To test the applications in IaaS/PaaS models, you should know what are the other applications and technology running in your own cloud and also you need to get an access to all your servers & hosts including databases to perform internal penetration testing(when you’re in the network). Then you can start with authenticated scanning, testing authentication etc… The main reason behind this testing would be, you need to know what an intruder can do when he’s already inside the network. That’s how you can analyze how secure you’re. You can not perform external(outside the network) penetration testing unless you get an approval from providers. Even though it’s not effective since many service providers use FirewallsWAFHoneypots, IDS, IPS to prevent scanning, Denial of service and other attacks.

In general, cloud service providers assure the security of a network, infrastructure but not the security of your application. So we can Pen-test our applications to find the client-side vulnerabilities. You may cover OWASP top 10 web vulnerabilities. Before that, there are a few cornerstones which need to be considered.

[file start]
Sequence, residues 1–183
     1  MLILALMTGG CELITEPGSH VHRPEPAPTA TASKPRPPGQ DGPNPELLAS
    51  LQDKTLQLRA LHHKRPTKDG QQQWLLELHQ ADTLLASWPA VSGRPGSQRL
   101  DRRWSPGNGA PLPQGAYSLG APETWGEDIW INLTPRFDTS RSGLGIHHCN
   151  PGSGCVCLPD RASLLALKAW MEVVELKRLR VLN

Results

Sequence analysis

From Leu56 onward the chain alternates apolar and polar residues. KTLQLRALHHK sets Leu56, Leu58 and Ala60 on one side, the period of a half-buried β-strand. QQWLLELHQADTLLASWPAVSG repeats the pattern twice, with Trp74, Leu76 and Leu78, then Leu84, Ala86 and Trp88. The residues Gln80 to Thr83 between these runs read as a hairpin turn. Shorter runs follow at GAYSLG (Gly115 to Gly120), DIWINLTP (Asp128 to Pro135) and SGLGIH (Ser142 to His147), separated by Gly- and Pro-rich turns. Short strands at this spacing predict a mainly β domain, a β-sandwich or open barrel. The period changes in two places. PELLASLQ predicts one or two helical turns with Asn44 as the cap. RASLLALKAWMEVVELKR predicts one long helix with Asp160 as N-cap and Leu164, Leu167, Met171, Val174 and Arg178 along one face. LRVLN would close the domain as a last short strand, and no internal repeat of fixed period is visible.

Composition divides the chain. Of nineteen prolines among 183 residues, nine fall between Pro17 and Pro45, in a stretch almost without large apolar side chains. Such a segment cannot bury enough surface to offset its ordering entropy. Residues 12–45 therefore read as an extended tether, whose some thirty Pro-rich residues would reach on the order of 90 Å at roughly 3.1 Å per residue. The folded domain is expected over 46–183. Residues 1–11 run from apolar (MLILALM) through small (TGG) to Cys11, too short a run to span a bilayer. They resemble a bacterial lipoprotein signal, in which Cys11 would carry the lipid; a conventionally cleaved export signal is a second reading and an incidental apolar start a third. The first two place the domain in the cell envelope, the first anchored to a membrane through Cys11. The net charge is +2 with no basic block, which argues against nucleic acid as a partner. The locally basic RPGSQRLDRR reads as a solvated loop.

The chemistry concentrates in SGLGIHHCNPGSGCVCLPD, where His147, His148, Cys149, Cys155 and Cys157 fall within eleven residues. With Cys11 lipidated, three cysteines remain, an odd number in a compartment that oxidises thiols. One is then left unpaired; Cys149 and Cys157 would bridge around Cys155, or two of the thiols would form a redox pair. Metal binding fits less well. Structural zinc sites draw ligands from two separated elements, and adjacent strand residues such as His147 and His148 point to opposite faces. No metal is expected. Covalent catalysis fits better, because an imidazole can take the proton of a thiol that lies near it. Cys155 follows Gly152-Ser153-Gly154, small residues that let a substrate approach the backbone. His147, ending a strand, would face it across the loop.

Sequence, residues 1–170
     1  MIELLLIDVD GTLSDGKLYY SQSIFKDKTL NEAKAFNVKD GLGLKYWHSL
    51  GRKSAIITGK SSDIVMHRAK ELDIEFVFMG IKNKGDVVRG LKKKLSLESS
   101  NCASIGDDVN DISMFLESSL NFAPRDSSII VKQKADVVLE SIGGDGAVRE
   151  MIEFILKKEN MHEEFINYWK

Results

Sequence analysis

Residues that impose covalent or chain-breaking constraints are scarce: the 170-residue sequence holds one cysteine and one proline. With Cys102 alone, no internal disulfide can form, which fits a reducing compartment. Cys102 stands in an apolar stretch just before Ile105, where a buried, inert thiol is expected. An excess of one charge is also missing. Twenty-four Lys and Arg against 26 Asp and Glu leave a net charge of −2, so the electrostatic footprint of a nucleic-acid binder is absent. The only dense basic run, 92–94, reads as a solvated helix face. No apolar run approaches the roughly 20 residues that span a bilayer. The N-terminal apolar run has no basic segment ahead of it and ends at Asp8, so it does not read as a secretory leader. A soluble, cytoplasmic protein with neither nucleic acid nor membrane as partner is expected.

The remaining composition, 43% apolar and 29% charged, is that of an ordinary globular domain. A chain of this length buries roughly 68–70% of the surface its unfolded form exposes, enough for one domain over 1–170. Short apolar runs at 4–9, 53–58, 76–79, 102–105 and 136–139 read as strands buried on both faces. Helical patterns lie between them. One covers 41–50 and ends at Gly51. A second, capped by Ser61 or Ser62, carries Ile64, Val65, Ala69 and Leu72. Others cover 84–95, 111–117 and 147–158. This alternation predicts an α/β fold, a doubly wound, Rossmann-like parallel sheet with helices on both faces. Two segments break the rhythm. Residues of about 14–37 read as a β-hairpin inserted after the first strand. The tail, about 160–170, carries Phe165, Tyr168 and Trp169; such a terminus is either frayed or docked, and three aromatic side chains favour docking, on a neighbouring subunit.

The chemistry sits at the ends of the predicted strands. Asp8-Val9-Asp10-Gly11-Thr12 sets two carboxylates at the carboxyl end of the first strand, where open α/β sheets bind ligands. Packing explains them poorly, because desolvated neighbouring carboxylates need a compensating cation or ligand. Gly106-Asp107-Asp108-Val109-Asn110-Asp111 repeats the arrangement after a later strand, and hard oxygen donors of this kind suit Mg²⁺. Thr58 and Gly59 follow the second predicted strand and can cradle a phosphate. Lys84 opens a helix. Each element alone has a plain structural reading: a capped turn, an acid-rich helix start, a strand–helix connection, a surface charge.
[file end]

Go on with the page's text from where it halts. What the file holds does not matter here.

Design a Penetration Testing Plan
You should have an SLA (Service level agreement). This will vary from model to model again. That’s the reason we need to the different types of service models as mentioned above. Define what is in scope. What are the applications and which databases would be involved in this testing? If you’re availing IaaS or PaaS models, you may need to audit the architecture design, patch management documents, and policies. How the features would be tested. What are tools to employ and adopt methodologies to perform penetration testing? It’s our responsibility to state who is responsible for what through this SLA.

Read policies & get an approval for pen testing from the service provider 
I can offer you hints with two examples from Microsoft Azure, AWS. Both providers have their own policies. You need to send a request from their portal mentioning the tools you been using, features to be tested etc.
reference:
Microsoft Azure: https://security-forms.azure.com/penetration-testing/terms